IRS audit interest piqued by DIFferent deduction amounts
One April Tax Day, 10 tax tasks

Tax audit odds are low, but if it happens be prepared

Afraid you'll face an Internal Revenue Service audit? Don't bet on it, says a veteran oddsmaker.

The tax audit odds for 2019 will be approximately 1 in 172, says SportsInsider.com's James Murphy, a sportsbook consultant and specialist in novelty betting odds.

25% of filers worry about audits: That slim audit possibility, however,  didn't seem to affect folks who participated in a LexingtonLaw survey conducted before this tax season started.

The Salt Lake City-based law firm found that a quarter of Americans are afraid they'll be audited.

Older filers are more worried. Thirty-three percent of those older than 65 are concerned about a possible tax audit.

And in an apparent flip of gender worry roles, men who participated in the survey were 12 percent more fearful of an IRS follow-up than women.

Not to worry, at least not so much: Murphy, however, says we all should chill. Americans are much more concerned than we should be about tax audits.

Thanks to a confluence of factors, including budget cuts for the IRS, the odds of being audited by the IRS had dropped from 1 in 90 at the peak in 2010 and 2011 to around 1 in 160 last year, says Murphy.

And while the actual number of federal tax audits varies from year, Murphy's projections suggest that this year the chances that the IRS will take a closer, second look at your 1040 are even lower. Specifically, the aforementioned 1 in 172.

To give us non-bettors a better idea of what that means, Murphy compiled the following table that compares the odds of being audited by the IRS to an assortment of other random life events:

An NFL pass will be completed

1 in 1.7

An adult has a bank account

1 in 2

An adult will have sex within the next 24 hours

1 in 17

An applicant to Harvard is accepted

1 in 18

An adult is a vegan/vegetarian

1 in 25

Meeting your spouse on a blind date

1 in 35

Being selected to play on "The Price is Right"

1 in 36

A man age 25 to 45 being virgin

1 in 45

Qualifying for Mensa

1 in 50

Serving on a jury

1 in 50

An adult showers less than once a week

1 in 100

Being killed in a car accident

1 in 111

Being audited by the IRS

1 in 172

Being born with 11 fingers or toes

1 in 500

Catching a foul ball at a Major League Baseball game

1 in 1,000

Bowling a 300 game

1 in 11,500

Wow. I'm never going to scoff at bowlers again!

Specific IRS audit odds: If you do happen to unluckily fall into that audit category, Murphy also has calculated the odds of what probably caught the IRS' attention in his 2019 IRS income tax audit odds.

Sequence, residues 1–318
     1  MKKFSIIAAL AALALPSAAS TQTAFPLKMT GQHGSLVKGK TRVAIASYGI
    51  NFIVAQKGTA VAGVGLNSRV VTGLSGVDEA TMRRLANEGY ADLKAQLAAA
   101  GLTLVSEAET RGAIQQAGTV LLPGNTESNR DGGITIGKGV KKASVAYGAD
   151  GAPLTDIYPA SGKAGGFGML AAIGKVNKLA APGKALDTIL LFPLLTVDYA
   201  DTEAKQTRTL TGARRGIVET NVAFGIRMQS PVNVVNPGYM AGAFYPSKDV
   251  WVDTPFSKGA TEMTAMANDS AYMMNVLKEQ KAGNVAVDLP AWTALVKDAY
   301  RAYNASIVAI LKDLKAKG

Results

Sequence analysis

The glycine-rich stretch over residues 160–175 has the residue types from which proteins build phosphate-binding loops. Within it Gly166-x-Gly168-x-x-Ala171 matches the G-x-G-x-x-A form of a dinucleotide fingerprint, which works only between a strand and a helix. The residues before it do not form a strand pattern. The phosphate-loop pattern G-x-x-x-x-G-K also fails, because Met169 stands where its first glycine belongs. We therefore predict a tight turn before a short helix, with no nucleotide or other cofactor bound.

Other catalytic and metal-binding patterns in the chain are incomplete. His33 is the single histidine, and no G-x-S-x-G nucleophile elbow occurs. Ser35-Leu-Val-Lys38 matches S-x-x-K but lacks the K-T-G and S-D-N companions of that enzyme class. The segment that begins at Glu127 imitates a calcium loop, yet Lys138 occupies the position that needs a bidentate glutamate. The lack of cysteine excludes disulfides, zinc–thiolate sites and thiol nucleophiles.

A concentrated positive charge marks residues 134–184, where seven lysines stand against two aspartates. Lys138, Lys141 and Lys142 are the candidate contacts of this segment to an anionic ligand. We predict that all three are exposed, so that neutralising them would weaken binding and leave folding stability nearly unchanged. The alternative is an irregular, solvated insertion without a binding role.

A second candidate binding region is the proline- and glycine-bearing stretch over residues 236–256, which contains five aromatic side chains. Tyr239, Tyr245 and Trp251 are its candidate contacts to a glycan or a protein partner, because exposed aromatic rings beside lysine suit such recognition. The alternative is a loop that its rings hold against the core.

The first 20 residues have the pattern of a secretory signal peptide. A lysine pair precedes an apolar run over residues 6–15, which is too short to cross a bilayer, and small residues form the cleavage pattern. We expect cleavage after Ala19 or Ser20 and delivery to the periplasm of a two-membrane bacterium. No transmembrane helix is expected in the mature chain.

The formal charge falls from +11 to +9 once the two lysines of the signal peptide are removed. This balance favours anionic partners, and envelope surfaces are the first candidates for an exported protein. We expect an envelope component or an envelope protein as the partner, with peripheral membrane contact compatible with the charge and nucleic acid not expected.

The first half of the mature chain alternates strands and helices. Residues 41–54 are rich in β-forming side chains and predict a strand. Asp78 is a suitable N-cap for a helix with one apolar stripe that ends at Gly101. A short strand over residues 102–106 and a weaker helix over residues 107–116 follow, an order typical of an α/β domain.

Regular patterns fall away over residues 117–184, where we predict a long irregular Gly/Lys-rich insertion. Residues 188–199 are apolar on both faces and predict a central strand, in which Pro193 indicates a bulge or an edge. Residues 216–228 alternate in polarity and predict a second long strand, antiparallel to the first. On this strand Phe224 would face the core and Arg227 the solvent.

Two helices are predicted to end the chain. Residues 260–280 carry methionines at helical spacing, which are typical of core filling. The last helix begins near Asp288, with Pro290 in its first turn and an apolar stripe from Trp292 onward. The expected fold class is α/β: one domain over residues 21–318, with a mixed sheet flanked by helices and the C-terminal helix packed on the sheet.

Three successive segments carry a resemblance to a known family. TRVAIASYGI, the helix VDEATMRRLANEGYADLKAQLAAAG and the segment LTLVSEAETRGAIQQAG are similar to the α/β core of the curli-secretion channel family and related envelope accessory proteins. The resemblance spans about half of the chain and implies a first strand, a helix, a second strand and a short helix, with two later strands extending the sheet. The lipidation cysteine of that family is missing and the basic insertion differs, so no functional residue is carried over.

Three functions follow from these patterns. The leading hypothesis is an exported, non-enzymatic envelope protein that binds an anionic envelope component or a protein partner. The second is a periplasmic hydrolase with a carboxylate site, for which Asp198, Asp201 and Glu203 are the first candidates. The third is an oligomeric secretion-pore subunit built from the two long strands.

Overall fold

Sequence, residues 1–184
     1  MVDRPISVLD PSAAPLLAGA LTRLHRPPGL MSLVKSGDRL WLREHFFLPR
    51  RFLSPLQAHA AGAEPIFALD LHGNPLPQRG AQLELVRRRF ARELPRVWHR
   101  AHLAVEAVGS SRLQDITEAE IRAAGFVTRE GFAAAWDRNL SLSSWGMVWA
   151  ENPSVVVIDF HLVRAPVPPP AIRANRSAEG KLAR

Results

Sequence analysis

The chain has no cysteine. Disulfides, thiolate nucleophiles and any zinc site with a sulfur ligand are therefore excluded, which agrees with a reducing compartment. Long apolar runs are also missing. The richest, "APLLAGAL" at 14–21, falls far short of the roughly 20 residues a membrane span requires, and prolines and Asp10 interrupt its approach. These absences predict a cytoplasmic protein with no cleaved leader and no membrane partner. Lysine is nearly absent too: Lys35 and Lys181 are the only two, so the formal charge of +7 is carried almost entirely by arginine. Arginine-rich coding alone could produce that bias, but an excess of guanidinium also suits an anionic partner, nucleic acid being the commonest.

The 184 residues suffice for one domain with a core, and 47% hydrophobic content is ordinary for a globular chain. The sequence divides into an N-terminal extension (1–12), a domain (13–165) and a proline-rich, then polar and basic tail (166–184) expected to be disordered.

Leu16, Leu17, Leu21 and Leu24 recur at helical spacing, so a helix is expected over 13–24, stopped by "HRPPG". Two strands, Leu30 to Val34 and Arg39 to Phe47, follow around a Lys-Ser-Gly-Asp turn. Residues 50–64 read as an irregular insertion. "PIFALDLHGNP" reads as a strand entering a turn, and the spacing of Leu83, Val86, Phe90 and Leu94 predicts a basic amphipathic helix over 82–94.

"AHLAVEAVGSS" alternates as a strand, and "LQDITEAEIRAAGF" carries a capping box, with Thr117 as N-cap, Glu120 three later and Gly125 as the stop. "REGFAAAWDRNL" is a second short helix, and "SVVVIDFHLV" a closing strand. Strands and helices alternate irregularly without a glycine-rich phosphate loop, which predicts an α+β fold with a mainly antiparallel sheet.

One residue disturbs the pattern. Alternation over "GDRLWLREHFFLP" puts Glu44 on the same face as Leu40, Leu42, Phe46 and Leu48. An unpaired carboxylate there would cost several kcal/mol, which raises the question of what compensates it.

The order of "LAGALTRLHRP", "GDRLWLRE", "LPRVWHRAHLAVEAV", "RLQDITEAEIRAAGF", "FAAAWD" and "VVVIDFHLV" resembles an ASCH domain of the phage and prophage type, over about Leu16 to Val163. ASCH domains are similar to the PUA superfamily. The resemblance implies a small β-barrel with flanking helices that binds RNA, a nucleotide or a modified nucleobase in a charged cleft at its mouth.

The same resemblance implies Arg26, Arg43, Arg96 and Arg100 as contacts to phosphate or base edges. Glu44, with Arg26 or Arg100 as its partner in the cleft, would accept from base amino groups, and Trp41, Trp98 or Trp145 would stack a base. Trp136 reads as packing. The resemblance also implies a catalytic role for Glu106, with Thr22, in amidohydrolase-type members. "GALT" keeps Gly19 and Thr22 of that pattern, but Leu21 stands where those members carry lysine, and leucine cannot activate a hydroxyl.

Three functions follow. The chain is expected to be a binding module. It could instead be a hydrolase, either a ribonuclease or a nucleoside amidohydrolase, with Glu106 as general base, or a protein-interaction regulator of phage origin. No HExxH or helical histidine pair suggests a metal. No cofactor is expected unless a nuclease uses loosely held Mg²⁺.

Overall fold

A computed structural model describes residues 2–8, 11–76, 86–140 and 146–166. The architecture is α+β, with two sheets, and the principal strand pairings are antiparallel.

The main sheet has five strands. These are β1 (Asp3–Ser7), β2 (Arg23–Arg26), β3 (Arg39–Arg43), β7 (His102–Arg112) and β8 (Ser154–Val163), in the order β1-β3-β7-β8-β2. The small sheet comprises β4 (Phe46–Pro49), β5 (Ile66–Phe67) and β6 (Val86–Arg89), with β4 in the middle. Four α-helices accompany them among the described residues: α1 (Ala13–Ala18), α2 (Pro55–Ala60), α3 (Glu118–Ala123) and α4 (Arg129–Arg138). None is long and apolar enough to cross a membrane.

The odds that an individual will be subject of a federal tax audit if he or she:

Reports no income 25 to 1

25 to 1

Files a paper return

35 to 1

Electronically files a return

300 to 1

Reports income between $75,000 and $100,000

400 to 1

Murphy also points out that anyone's true odds of an IRS audit are dependent on a number of variables, many of which are discussed in his SportsInsider.com article and my post on 10 tax audit triggers.

Dealing with an audit: Sometimes you beat the odds. Sometimes they beat you. When it comes to an audit, though, here are some things you can do to improve your chances.

The bottom line, betting and otherwise, is to fill out your returns on time — that's April 15 for most of us, just a week from today! — and as completely as you can.

Don't ignore any notices from the IRS when it has questions about your filing.

Have good documentation to support your Form 1040 entries.

And if you're confused or concerned about any of the IRS inquiries, hire a tax professional who's experience in the audit process.

Heck, hire a tax pro to handle your audit even if you're confident you can answer the IRS questions. If you've never been though an audit before, you're probably not as ready to deal with it as you might think.

Finally, don't panic.

Audits aren't fun, but if are one of the few who has to face one, being prepared is your best chance of satisfying any IRS questions without additional damage to your bank account.

You also might find these items of interest:

Advertisements

 

 

Comments

Feed You can follow this conversation by subscribing to the comment feed for this post.

Verify your Comment

Previewing your Comment

This is only a preview. Your comment has not yet been posted.

Working...
Your comment could not be posted. Error type:
Your comment has been saved. Comments are moderated and will not appear until approved by the author. Post another comment

The letters and numbers you entered did not match the image. Please try again.

As a final step before posting your comment, enter the letters and numbers you see in the image below. This prevents automated programs from posting comments.

Having trouble reading this image? View an alternate.

Working...

Post a comment

Comments are moderated, and will not appear until the author has approved them.

Your Information

(Name and email address are required. Email address will not be displayed with the comment.)